Province files defence in lawsuit that targets partisan political ads
David Trapp, who is the representative plaintiff in a class action lawsuit aimed at stopping partisan B.C. government advertising, talks to reporters outside the Vancouver Law Courts. His lawyers David Fai, left, and Paul Doroshenko, right, stand by his side. (Submitted)
The B.C. government is defending itself against a class-action lawsuit alleging it misspent millions on partisan political ads during the recent provincial election campaign.
In a lawsuit filed in March before the official campaign got underway, David Trapp, the representative plaintiff, claimed that the government had spent up to $15 million on advertising for the purpose of enhancing the image of the B.C. Liberal party, which was also named as a defendant.
During the campaign, the government directed a freeze on all "non-essential" advertising and public communications.
On May 3, less than a week before the election, the government filed its response to the class-action lawsuit, denying the allegations and asserting that it is responsible for ensuring public money is "controlled, accounted for and well managed."
The response to the civil claim filed in B.C. Supreme Court says that the government must as a matter of policy endorse advertising that is "fact-based" and points to or provides information on policies, programs and services.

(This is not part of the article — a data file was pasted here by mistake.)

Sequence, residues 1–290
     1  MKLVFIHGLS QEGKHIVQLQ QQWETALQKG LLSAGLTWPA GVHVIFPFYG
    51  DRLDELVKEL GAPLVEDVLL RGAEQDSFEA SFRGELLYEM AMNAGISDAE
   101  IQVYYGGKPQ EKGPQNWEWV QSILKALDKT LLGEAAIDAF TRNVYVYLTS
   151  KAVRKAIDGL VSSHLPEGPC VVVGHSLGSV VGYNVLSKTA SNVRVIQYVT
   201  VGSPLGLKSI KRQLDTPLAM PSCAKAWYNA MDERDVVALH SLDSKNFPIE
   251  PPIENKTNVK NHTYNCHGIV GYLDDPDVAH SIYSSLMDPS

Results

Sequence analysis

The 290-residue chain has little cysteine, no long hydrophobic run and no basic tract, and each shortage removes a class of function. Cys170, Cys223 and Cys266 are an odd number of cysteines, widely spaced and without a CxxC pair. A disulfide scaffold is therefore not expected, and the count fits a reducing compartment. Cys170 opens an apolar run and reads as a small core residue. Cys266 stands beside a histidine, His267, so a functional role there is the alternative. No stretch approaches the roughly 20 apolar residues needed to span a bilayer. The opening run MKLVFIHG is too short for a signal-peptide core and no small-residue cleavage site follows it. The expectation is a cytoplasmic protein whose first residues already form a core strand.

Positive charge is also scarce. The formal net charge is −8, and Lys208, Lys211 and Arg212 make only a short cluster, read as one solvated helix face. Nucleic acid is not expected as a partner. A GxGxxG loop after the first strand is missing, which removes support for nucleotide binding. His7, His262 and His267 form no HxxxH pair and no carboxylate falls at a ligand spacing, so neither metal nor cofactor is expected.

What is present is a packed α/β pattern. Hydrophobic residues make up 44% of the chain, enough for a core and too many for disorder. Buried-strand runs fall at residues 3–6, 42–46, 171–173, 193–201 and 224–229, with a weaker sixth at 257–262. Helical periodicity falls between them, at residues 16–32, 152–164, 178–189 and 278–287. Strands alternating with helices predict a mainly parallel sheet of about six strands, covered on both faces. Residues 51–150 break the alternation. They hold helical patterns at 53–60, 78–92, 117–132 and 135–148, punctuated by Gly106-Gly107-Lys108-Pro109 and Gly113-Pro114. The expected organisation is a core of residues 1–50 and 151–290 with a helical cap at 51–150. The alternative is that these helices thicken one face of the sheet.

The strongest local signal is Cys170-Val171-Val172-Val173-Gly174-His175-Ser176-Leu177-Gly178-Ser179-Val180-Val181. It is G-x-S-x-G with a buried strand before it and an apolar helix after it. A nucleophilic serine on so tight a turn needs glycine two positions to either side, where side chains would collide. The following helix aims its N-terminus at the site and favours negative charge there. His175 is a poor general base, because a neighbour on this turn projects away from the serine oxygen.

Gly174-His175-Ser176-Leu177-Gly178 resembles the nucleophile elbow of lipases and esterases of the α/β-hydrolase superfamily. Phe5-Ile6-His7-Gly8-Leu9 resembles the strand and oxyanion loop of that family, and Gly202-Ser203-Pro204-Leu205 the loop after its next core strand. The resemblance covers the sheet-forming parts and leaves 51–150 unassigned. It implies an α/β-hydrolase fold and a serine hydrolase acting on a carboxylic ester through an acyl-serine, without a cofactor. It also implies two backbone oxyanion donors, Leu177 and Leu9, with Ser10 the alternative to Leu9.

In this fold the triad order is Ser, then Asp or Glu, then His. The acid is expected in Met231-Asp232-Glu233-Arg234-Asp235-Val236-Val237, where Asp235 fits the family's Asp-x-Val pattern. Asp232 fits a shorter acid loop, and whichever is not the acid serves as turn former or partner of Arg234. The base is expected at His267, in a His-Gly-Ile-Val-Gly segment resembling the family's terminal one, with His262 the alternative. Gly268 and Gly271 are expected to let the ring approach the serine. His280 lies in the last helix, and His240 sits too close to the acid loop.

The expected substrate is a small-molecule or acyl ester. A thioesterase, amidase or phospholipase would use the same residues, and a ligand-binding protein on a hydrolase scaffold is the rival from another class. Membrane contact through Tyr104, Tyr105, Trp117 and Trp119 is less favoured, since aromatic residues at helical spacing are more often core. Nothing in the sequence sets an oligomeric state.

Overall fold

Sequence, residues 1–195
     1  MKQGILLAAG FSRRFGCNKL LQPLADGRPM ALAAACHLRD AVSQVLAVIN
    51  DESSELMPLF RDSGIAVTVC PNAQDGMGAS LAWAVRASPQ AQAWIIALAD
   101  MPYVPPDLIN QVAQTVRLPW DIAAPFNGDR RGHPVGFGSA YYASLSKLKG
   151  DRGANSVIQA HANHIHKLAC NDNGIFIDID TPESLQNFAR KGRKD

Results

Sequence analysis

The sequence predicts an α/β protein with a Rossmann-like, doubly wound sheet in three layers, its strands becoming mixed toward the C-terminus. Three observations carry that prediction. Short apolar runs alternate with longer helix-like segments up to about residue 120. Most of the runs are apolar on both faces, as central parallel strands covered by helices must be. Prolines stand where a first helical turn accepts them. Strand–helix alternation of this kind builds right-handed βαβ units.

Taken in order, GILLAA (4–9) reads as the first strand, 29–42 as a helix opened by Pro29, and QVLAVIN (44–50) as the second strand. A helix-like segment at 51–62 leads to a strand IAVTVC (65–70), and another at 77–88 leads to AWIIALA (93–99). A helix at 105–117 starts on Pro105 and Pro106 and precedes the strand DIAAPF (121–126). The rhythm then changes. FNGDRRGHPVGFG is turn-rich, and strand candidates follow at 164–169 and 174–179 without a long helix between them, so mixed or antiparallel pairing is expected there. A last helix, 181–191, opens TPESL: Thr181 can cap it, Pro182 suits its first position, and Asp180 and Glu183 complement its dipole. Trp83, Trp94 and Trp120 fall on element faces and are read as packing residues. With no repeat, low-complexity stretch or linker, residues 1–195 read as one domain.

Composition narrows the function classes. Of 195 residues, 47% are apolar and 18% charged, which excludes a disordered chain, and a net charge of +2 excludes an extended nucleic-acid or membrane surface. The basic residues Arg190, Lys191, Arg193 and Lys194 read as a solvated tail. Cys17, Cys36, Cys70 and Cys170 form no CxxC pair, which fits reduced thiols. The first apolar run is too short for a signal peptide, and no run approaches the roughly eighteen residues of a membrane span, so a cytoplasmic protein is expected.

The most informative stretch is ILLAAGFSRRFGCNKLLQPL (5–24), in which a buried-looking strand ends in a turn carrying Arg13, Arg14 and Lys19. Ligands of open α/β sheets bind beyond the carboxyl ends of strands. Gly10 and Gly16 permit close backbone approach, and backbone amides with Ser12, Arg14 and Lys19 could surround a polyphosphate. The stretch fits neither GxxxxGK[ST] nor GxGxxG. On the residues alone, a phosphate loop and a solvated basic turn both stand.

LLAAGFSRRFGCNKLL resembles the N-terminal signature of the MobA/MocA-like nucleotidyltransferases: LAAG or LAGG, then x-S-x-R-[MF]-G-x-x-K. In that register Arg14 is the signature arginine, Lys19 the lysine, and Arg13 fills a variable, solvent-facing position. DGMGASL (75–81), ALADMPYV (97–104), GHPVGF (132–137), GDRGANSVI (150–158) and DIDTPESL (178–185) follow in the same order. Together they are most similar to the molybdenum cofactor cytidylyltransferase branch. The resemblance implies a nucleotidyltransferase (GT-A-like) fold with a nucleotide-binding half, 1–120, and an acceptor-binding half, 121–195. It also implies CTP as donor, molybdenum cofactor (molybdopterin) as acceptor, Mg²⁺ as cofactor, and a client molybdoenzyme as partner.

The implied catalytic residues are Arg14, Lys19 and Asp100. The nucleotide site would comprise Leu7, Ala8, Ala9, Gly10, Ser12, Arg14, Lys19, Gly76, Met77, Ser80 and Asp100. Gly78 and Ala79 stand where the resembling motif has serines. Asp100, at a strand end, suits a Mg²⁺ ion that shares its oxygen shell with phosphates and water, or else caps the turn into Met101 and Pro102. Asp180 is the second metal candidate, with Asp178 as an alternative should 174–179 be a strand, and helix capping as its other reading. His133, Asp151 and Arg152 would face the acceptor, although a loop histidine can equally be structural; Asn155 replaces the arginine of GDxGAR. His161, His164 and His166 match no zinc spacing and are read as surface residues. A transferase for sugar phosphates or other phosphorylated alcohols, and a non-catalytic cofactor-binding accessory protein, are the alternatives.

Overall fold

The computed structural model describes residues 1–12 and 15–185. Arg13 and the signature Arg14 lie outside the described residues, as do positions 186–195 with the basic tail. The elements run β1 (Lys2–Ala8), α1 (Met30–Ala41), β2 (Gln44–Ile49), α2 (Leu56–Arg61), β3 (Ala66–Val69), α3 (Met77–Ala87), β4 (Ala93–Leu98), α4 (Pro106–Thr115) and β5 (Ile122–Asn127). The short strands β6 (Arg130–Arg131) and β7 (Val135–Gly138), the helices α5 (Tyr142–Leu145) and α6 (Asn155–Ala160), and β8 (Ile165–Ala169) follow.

"The government also requires that public money not be used to purchase advertising in support of a political party."
The class-action suit claims that in addition to burnishing the image of the Liberals, the ads were designed to improve the then-governing party's likelihood of success in the election by winning enough seats to hold a majority government.
The government's response says that the proposed class-action group — all B.C. taxpayers — is not one to which the government owes a fiduciary or other private law duty enforceable in court.
"The fiduciary duty alleged in this case is both novel and broad. It does not fall within a historically recognized category.
"The collection of taxes and distribution of public money held by the government is a purely public function. It has no private law analogue that could ground the recognition of a fiduciary duty."
Asked to comment on the government's response, Trapp's lawyer Paul Doroshenko said he and his client have a "good legal basis" for their argument.
"Generally speaking, I think every government has a fiduciary duty. You discharge your fiduciary duty very easily as a government. But as soon as you go and use taxpayers' money for a purpose that is not for the taxpayers, you've breached your fiduciary duty."
Doroshenko said that despite the election result, which saw the Liberals fall just short of a majority government, they will be pursuing the lawsuit.
"We looked at the replies filed by the government and the Liberal party and it hasn't really changed our direction. It was more or less what we expected."
The next steps in the case include a bid to get certification of the class-action suit, but no date has been set for the next court appearance and the process is going to be a lengthy one, said Doroshenko.
Trapp, a retired White Rock resident, said he was upset to watch on television the ads that he believed were a waste of taxpayers' money.